And today it is increasingly appropriate, too, in the case of Sir Norman Foster, Lord Foster - where London is concerned, his work surrounds us. His Mayoral office building on the South bank opposite St Paul's, has established an appreciative following. The central courtyard of the British Museum has transformed circulation and space from the claustrophobic corridors which characterised its core learning resource prior to Foster's replanning and redesign there. In the City of London itself, St Mary Axe, the ancient thoroughfare where stood the Baltic Exchange has been transformed by stealth (not always Norm's way) to accommodate the massive yet inimitable Swiss Re Tower.
The building opened formally to its occupants in April but already there are admiring neighbours, reconciled to 'something different'. The 'Gherkin', as it has been dubbed, displays precisely those characteristics, quite rarely experienced, which draw public sympathy, even affection for works of architecture. There have been no traumas, simply a growing acceptance in the City of London of the presence of the tower. One reason for this could be Foster's skill in manipulating the base of the tower into the street architecture. Unlike most towers, the lower floors are smaller in area than those above immediately above, allowing a tapered effect. The tower thus develops a waistline (not uncommon in an area where the business lunch is still a treasured part of protocol) - before soaring upwards towards the apex, tapering elegantly in space.
This is a skilfully orchestrated game of light and controlled reflection. There is greater daylight penetration at ground level. At 'waist' level the main advantage of the tapering is that the most populous floors are more spacious, not less, per individual. And the tedious effects of solar reflection are minimised as the tower rises to its apex. Such magic was not feasible a generation ago, and the evolution of the design has been greatly aided by the various digital tools deployed in the design office. The new technology applied permitted the universally curved surfaces of the elevation to be feasible as individual flat panels, thus greatly simplifying construction. Rising to 180 m in height, as a process was again made feasible by the use of a peripheral diagrid, where all the steel elements subtly interlock. This underlying 'stiffness' in the external diagrid means that the actual central core can function only as an element supporting applied loads, and not needed to provide diagonal bracing - which in turn allows greater flexibility when it comes to the floor plates. It is good to see again a harmonious interaction between Foster and Partners and the engineers, Arup, without whom the project could not have been resolved. The travails of the Millennium Bridge and its wobble, also a joint operation, seem left far behind.
Looking across from Shad Thames on the South side of Tower Bridge, Swiss Re seems to have been effortlessly absorbed into the skyline, as if it was always intended to be there. Perhaps this is the true achievement of the tower, that it complements handsomely the existing line-up, as if grown out of it from below rather than imposed (as are so many point blocks) from above. Yet there was a heavy battle in negotiation with city planners before permission was obtained. Foster had to circumvent the well-worn attitudes and alarms of a planning authority increasingly sceptical of architectural tricks and devices designed to worm their way through the regulations. The visual profile finally arrived at seems unwittingly to tug at old 20th century threats become safe: the profile of an airship on its side, or the tapering form of a First World War ballistic shell, or the deadly V2. But all this neutralisation has somehow generated, by association, a knowing public recognition and acceptability - as with wartime songs, Siegfried Line and the rest. Association has always had a role to play in the way we are first confronted by, then reconciled to, images. Swiss Re is a benign force on the street.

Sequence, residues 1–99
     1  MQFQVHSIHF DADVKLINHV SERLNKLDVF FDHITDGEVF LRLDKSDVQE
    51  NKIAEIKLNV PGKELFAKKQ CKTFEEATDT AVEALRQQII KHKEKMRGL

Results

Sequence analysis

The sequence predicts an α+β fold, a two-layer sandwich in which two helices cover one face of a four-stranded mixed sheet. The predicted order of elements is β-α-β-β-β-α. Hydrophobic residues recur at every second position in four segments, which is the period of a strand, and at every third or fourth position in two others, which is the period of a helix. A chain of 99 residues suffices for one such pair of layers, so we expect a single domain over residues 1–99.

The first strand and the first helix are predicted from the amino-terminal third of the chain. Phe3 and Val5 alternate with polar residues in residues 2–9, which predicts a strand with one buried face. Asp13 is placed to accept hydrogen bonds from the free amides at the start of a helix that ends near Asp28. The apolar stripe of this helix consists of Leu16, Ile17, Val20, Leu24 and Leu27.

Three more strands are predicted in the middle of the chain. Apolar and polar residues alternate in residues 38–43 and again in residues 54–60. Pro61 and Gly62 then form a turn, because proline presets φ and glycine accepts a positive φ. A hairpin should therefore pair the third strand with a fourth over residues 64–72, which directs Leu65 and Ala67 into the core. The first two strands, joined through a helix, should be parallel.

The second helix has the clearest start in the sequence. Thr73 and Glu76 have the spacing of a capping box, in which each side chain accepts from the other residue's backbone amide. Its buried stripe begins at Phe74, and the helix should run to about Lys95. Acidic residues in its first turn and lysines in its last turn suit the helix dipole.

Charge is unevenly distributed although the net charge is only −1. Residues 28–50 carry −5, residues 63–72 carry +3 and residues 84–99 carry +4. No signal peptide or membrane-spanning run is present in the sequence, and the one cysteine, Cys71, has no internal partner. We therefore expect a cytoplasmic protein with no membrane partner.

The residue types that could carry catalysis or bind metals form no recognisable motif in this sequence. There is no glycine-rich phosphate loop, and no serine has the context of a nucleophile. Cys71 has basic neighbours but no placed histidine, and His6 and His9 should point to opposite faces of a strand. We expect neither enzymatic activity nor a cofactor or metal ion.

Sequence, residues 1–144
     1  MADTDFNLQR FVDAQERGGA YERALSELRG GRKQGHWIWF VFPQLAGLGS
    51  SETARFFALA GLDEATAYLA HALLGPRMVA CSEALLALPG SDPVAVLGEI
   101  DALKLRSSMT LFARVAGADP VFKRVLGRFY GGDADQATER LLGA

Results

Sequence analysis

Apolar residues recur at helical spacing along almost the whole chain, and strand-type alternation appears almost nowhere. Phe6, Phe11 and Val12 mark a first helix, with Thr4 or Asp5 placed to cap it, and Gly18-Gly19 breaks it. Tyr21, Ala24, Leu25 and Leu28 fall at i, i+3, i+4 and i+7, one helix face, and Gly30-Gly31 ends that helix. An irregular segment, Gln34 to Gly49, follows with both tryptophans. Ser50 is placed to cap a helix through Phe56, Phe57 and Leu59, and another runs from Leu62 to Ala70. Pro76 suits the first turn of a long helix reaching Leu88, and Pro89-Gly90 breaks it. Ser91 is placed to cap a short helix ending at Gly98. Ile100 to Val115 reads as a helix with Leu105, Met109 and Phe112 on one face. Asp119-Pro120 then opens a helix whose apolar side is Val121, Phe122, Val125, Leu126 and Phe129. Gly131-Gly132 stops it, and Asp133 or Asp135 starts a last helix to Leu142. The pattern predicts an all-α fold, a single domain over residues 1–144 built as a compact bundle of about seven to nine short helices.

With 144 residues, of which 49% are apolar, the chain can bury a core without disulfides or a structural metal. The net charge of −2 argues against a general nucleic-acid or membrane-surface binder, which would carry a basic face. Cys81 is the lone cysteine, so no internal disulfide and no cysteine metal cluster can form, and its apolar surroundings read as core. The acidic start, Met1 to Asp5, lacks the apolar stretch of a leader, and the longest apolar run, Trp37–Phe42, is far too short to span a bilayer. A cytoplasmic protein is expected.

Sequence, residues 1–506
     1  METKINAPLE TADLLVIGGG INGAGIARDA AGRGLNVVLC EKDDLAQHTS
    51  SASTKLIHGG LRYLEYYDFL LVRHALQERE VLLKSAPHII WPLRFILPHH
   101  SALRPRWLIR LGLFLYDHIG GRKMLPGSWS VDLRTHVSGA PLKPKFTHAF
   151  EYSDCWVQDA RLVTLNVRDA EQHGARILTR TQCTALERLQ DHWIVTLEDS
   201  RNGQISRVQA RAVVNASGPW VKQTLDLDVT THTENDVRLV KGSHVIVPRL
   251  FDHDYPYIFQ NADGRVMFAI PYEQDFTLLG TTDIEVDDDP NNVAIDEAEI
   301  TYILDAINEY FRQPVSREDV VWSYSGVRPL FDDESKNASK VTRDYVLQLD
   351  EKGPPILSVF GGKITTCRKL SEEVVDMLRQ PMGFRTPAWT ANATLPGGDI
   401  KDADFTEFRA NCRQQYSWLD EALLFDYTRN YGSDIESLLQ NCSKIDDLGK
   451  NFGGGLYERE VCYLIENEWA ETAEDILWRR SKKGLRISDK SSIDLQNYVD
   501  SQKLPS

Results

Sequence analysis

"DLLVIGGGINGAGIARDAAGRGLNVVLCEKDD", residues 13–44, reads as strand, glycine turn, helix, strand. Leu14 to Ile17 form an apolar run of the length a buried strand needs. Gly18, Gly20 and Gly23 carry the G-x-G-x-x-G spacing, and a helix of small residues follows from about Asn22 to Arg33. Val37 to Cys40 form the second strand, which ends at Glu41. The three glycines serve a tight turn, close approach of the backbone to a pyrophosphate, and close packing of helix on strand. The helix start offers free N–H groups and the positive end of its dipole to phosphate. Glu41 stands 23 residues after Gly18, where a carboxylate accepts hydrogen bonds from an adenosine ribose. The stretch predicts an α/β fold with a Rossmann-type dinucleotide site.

Internally, Foster has skilfully subdivided the tower with six triangulated, externalised atriums which provide six orthogonal bays, making the scale of the spaces internally less overweening. Then the whole idea of' 'transparency' has been advanced cleverly by rendering the process one of reflectivity rather than impacted surfaces. The result has been to give the gherkin a more substantial, less permeated characteristic than that first floated before the planners.
And what happens as we rise towards the apex of Swiss Re? A brilliant restaurant space opens up, reserved for staff and their guests, with a view of London that is almost unsurpassed. This is a building perfectly contextual for a London City predicated upon the vision and designs of Sir Christopher Wren after the Great Fire. The more one thinks of it, the closer the parallel between Wren and Foster seems. Wren was the architect of his day, a mathematician and astronomer, who most aligned architecture with the advance of science of his time. The same is true of Foster, who has lifted architecture forward out of the quagmire of history-based theory, into a stratosphere of its own, marrying engineering, computer science, sustainability, and pure architecture: yet he does not go blind on contextuality. It is all there.
The only problem, a small cloud on the horizon, could be that there is always a Nicholas Hawksmoor emergent in the footsteps of a great architect. Who now might be Foster's Hawksmoor? He need not worry quite yet; the chances are such a threat has barely left school.
Swiss Re arrived stealthily on the London skyline, the product of protracted negotiations between the clients and Foster, and then the planners. This was to be expected in the light of such a revolutionary building. The whole idea of the city tower can never be the same again. This is truly of the 21st century, and a worthy addition to the new London.